Friday, May 4, 2012

Sandman Slim by Richard Kadrey

Sandman Slim by Richard Kadrey brings the over the top action and grit to the urban fantasy stage, with a healthy dollop of noir right on top. James Stark has spent a decade in hell fighting in the gladiator pits after being betrayed by those he thought of as his friends, taking on whatever demon or monstrosity that they could throw at him, and coming out stronger for it. Now he's back, with a key that opens any door and a knife stolen from a Prince of hell, and he's ready to take revenge on the people who sent him there. Now he has a new name, Sandman Slim, the Monster who kills Monsters.

So, we would be remiss if we didn't compare our anti-hero to his peers in the genre. Jim Butcher's Harry Dresden, and Simon R. Green's John Taylor are the ones that come to the forefront. Well, here's what you do, kill their loves ones, send them to hell for 11 years, and release them when they're good and angry and just don't have any more fucks to give. Sandman Slim is the over the top, bloody adventure that reads as if Hunter S. Thompson and Robert E. Howard got together to write the most badass urban fantasy hero they could imagine.

While I try not to spoil much, it's pretty indicative that some of the first actions our protagonist takes on his return include mugging a druggie and cutting the head off one of his old friends. The drugged up streets of LA make for a fitting background for this revenge romp, and Sandman Slim does not disappoint. Our protagonist does not hesitate to brawl with angels and demons, all the while tearing up the streets and giving the finger to the magical oversight committee. 

On the other hand, it's certainly not a perfect novel, or anywhere near that. It feels a more than a bit unpolished, perhaps a result of the book seeming partly written in the middle of a drugged up rage. And although the side characters are interesting, they sometimes only get a little bit of the reflected limelight. We end up with barely sketched caricatures, when we really are rooting for these characters to step out and become three dimensional. Because the premise for so many of these are so promising, angels and devils and monsters all. There are loose ends galore and it almost feels as if we miss out of parts of the story that should be there. For example where the name Sandman Slim actually came from. The other issue is that for some, James Stark may simply not be a likeable protagonist. He does some pretty crummy things while learning to be a hero.

In the end, the best way that I can describe Sandman Slim is a gritty romp. As long as you don't expect a masterpiece, or a very original plot, then dive on in and enjoy this vulgar, bloody tale of revenge and ass kicking.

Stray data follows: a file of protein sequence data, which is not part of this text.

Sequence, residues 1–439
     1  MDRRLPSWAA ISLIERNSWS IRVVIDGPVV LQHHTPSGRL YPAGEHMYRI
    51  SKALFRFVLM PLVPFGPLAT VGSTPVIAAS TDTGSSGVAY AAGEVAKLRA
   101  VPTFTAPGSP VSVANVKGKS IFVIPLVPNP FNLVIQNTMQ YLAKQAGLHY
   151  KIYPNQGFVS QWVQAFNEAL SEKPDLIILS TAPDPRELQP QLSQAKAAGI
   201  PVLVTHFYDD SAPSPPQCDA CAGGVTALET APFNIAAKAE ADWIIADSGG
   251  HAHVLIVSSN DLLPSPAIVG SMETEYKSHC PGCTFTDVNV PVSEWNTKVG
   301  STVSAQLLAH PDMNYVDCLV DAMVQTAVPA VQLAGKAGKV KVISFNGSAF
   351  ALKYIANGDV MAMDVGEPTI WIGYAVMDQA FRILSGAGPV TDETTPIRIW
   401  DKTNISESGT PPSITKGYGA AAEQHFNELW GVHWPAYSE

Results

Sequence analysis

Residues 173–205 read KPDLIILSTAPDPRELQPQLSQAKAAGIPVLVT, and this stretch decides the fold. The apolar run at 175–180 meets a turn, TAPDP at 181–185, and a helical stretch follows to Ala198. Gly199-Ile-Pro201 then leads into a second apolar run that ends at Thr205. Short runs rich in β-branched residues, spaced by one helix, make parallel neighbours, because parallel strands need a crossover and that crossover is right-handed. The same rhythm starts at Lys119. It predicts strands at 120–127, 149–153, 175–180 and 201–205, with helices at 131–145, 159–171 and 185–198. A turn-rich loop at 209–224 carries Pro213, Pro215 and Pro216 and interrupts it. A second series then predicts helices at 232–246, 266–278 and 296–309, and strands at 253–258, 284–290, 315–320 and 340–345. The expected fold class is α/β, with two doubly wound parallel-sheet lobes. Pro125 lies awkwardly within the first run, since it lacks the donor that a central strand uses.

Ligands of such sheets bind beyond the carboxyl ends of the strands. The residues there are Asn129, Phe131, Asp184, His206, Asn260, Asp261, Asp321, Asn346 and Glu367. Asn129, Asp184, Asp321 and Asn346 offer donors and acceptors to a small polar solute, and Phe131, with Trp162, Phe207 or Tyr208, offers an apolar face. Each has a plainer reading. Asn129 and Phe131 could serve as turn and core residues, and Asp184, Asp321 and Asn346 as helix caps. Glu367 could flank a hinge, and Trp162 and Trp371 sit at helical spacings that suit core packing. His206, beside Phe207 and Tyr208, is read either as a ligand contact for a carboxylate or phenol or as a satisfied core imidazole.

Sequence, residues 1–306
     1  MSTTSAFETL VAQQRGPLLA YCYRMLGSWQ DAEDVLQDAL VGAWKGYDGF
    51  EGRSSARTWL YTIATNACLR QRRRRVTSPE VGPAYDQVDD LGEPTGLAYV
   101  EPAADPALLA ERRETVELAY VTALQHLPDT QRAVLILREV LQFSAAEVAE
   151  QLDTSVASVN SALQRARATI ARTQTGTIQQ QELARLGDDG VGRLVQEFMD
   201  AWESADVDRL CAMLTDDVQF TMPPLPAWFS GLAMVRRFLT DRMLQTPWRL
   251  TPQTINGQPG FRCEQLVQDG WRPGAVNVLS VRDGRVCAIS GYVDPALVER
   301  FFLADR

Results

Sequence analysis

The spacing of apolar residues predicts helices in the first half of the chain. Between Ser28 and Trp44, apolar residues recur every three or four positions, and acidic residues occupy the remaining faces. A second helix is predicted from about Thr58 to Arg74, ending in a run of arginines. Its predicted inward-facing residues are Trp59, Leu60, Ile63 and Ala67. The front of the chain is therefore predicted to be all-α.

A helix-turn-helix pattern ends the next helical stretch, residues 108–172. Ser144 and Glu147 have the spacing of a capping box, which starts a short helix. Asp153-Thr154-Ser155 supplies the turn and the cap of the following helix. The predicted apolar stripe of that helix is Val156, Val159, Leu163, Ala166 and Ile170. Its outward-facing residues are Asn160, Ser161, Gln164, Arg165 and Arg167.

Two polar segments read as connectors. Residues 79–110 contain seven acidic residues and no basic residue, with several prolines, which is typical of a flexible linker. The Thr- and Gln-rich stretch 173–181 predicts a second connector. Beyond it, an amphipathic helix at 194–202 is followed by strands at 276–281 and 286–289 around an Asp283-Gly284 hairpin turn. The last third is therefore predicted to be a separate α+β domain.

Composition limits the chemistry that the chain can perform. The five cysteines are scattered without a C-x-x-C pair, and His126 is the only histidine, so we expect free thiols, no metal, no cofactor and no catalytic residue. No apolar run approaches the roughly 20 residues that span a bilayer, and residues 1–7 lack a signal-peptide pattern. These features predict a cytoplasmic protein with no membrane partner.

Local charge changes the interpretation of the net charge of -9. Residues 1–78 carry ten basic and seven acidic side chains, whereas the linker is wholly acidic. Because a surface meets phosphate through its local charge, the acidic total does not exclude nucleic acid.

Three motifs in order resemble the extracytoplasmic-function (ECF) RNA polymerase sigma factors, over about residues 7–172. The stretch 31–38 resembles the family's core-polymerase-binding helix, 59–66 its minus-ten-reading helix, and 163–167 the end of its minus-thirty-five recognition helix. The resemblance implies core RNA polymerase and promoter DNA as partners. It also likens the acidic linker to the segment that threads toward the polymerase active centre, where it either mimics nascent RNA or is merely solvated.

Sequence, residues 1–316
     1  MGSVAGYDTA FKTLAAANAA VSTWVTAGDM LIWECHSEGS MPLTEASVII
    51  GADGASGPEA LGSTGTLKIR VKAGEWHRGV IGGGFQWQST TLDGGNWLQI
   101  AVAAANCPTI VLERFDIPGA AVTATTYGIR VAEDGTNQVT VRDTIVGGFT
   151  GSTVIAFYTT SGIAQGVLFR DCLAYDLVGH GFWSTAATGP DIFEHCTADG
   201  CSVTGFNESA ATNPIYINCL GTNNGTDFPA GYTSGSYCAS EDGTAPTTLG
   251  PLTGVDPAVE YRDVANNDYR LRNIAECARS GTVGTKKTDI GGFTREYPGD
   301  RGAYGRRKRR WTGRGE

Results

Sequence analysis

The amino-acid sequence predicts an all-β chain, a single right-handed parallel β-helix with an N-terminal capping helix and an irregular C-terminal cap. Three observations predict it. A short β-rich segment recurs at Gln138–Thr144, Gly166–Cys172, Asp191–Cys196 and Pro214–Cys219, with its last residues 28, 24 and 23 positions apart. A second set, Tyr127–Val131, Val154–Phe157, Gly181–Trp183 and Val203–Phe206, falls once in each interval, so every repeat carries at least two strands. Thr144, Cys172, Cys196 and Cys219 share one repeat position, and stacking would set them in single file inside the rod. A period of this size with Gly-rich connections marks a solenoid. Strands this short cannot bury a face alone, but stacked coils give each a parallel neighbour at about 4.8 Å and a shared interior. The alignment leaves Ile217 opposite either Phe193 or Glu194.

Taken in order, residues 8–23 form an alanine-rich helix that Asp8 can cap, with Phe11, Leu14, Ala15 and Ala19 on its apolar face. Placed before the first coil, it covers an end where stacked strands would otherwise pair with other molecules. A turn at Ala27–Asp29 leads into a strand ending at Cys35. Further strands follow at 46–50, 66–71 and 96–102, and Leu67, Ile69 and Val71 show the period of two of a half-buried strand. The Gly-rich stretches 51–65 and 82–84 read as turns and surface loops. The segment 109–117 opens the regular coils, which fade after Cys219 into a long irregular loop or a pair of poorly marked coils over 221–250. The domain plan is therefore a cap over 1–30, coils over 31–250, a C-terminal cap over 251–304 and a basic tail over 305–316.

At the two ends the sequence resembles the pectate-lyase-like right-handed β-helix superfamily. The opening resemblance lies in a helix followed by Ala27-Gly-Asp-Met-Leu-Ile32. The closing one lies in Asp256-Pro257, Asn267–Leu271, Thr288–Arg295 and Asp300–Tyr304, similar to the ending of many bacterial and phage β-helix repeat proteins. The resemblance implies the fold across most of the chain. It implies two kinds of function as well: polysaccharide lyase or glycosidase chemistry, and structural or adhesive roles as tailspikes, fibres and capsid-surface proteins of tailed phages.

Thursday, May 3, 2012

Growing up Geek: The Hermit Crab Races

So I figured that I'd add some of that maniacal laughter back into this blog, these stories may only be tangentially related to gaming, but they will definitely be funny. Because not only was I a geeky little kid, I was a geeky little kid in Florida, Dave Barry said it best in calling South Florida a magnet for weird.

There were of course, the hermit crab races. A game played in sailors bars, and best enjoyed, or perhaps only enjoyed after a copious amount of alcohol consumption. I recall that my mother, of infinite patience and no small amount of courage would take me as a treat. I had seen it once while on vacation and now requested it quite often. It was an open air bar along the docks, one where the sun and salt sea air mingled with the aroma of diesel fuel. Which makes the most wonderful rainbow patterns in water, although I don’t recommend trying it at home.
Perhaps I’m painting it as worse than it really was. This wasn’t exactly the dingy tavern where people outnumber teeth. It was filled with generally two types of people, the ones who actually worked the seas, usually on charter fishing boats or as yacht staff. And then the ones who had the money to pretend that they did while listening to Jimmy Buffet(a word to the wise, Thou shalt not take his name in vain) and getting drunk; the sea was their calling, the ocean their mistress, the waves mother to all, well, on the weekends at least. On the weekdays those Hawaiian print shirts were exchanged for much less exciting suits and ties. Still, it must have been a strange sight for them to see a five year old bellying up to the counter and demanding to see the hermit crabs. I can only be thankful that I was such a cute kid, otherwise I’m sure we’d have been tossed overboard.
Now, a hermit crab is not a very smart animal, nor is it easy to train(at least not by drunk sailors). Thus the hermit crabs, happy in their little shells, were plucked up, had a number painted on their backs, and were dumped in a bucket. There was of course no actual linear track, no, they were rather unceremoniously dumped out of the bucket into the approximate center of the table before they started their great escape to the false freedom of the edge of the table. In fact, their speed could be clocked at somewhere between snail and brain damaged sloth. But despite all of this, I was fascinated. Yeah, I think my mother caught on by then that I was a bit of a weird kid, as I faithfully cheered my hermit crab on to the finish edge, where if it was lucky, a slightly inebriated patron would catch it before it fell off entirely.
The slow and unlucky hermit crabs. Well, let us not talk about what happened to the slow and unlucky hermit crabs whilst amongst a bunch of drunken sailors. 

A small hermit crab
Less Sonic the Hedgehog than, 
Earthworm Jim sans suit.